With a consultation review on the merits of conservation, we examine whether councils have the resources to comply
The Department of Culture, Media and Sport has announced a comprehensive review of heritage protection, which is to yield a consultation paper by the summer. The review will look at all types of designation, including conservation areas, listed building consent, ancient monuments and historic parks; the relationship between the different safeguarding regimes will also be scrutinised. The exercise is timely in that it provides an opportunity to integrate heritage controls into the planning system as it goes through its legislative rebirth.
Arts minister Baroness Blackstone introduced the review, commenting that it would look at how the legislative framework can remain robust in protecting historic features, while at the same time enabling change to take place. She noted: 'Heritage protection has been part of our legal framework for more than 50 years. Although highly regarded and widely emulated around the globe, perceptions and priorities have evolved from an initial focus on individual buildings and monuments towards a wider interest in the urban and rural landscape as a whole, in historic parks and gardens and in our more recent past. We now need a new approach to the management of our heritage.'
CABE chairman Sir Stuart Lipton commented: 'The purpose of the review should be to create a dynamic and flexible system, which recognises that the historic environment is an integral part of our towns and cities rather than a world set apart.'
The opportunities for integration of heritage-protection policies into the planning mainstream are administrative as well as philosophical. For example, the Arup-led review of fees (AJ 30.1.03) is likely to recommend a single form of planning application, which incorporates listed building and conservation area aspects. Policies and plans are beginning to mature to the point where good urban analysis and design need no longer make a special distinction for older buildings, historic settings and areas of quality. In parallel, professional skills have evolved in such a way that, having created various specialisms, their boundaries are now beginning to break down.
Thus, landscape and urban design, architecture and engineering - even traffic management, in best practice - merge into one at policy and creative levels.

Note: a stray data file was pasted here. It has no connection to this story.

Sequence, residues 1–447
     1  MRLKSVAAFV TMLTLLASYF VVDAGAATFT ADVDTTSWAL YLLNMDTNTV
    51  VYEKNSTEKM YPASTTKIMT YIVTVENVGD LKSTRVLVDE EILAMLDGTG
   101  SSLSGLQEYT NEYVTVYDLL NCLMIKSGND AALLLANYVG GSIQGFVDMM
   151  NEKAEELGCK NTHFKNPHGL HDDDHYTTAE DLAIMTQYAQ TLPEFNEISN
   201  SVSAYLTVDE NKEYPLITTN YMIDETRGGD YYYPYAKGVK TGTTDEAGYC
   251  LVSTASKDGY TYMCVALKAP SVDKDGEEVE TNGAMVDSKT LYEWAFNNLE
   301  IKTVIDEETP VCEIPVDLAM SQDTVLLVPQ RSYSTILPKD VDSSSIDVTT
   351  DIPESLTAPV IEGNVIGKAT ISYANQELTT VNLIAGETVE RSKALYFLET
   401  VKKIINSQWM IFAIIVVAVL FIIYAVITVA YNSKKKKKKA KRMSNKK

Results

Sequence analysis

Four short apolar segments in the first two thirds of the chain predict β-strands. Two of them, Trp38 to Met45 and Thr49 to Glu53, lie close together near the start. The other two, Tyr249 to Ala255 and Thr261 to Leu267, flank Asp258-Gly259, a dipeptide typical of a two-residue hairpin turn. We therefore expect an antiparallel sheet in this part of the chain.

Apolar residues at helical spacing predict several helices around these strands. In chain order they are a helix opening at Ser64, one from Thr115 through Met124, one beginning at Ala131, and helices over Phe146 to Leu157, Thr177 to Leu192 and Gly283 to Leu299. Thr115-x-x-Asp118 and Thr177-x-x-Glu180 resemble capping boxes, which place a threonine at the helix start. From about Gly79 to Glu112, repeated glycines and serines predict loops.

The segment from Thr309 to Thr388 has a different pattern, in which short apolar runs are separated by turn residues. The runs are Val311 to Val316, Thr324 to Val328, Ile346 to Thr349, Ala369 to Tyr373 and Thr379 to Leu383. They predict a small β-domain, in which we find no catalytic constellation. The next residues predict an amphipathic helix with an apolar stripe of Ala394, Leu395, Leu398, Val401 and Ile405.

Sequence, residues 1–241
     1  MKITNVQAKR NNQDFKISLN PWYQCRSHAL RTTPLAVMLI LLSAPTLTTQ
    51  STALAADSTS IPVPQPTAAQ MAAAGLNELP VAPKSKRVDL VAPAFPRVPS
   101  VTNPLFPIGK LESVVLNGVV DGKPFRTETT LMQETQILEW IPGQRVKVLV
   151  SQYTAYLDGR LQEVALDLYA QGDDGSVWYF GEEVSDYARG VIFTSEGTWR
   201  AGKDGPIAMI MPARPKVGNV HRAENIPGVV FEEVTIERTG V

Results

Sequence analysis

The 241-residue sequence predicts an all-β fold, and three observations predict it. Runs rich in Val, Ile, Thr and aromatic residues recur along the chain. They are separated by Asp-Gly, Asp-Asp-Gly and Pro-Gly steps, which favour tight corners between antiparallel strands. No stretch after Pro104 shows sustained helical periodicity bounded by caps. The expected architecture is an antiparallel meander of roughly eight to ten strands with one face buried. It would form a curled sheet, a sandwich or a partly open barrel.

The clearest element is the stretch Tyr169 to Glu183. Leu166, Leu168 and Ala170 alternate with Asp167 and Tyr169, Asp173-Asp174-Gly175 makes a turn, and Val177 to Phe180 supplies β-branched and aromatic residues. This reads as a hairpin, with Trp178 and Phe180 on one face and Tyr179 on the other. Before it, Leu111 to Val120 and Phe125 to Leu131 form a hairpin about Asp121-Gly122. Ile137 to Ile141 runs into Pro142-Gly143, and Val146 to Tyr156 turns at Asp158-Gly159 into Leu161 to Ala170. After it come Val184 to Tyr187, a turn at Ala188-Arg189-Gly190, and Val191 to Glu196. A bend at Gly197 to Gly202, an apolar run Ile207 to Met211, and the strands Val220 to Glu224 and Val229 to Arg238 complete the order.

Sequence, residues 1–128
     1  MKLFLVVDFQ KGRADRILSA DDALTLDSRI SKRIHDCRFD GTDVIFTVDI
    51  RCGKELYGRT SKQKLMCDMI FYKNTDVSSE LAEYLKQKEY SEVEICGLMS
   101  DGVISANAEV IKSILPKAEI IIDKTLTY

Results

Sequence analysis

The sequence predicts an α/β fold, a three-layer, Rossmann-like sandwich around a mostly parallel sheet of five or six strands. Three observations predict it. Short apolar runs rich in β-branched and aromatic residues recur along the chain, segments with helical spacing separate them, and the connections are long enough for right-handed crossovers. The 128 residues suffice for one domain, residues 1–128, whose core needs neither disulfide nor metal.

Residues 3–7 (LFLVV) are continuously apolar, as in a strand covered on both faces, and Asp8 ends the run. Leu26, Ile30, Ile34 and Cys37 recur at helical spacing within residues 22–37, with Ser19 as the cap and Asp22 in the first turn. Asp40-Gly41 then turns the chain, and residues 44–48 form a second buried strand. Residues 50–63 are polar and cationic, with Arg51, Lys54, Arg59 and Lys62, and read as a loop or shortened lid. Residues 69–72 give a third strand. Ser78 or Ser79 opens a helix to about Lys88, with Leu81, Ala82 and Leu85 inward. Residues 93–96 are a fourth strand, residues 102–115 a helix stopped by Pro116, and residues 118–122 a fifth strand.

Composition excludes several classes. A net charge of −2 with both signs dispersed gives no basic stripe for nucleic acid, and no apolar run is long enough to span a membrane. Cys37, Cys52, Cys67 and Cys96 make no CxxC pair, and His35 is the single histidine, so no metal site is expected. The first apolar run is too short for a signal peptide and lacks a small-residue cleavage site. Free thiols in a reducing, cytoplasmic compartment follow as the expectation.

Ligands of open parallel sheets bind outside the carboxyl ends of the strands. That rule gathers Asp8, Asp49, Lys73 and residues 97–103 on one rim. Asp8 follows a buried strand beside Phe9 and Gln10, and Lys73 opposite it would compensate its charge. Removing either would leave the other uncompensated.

One of the anomalies of the legislation behind conservation areas is that there is no legal mechanism for their re-evaluation and de-designation. Apart from devaluing the currency, this has the tendency of encouraging policies of preservation rather than conservation. The key distinguishing characteristic of conservation area development is the obligation to 'preserve or enhance'.
One way of resisting this tendency would be to make this a criterion for all development. It is hard to reason against this, though it would have the effect of rendering conservation area status largely irrelevant.
The great lack of skills available, especially in planning departments, will be seen as a major obstacle to the wider demand for understanding conservation and heritage, which the review is bound to generate. 'All too often conservation of the historic environment is seen as a fringe activity staffed by specialists, ' says Phillip Grover, director of historic conservation studies at Oxford Brookes University. By a timely coincidence, a study commissioned by English Heritage and the Institute of Historic Building Conservation has just carried out a survey of 400 specialists, which reveals that planning departments face 'impossible workloads and inadequate resources'. Nationally, the average number of full-time conservation specialists is 1.7 per council; this rises to 2.8 in London; while 15 per cent of authorities have no one at all.
The new 'planning delivery grant', which has been introduced to provide extra funding for council planning departments 'is there for conservation as well as development planning if so needed', said a spokesman for the Office of the Deputy Prime Minister.
However, the prospective integration of heritage and conservation planning into the system suggests more dramatic changes.
The first is the need for better training and skills for development control and policy planning officers in general, rather than a reliance on specialists, and (in common with the underlying shift implicit in the bigger changes already under way) a handing-over of many of the obligations to carry out the necessary work to the developer and his team. Impact assessments and studies will broaden out to embrace urban design, conservation, landscape and historic building issues, and become another component required for the making of a proper planning application.
The pressure will remain on councils to meet their processing deadlines, but even more time will be needed by developers for this work before a valid application can even be made.
Meanwhile, the difficulty planning authorities already have in matching the best of private-sector skills in assessing developers' proposals is not going to fade away.
Brian Waters is principal of the Boisot Waters Cohen Partnership. Tel 020 7828 6555, email brian@bwcp. co. uk, web www. bwcp. co. uk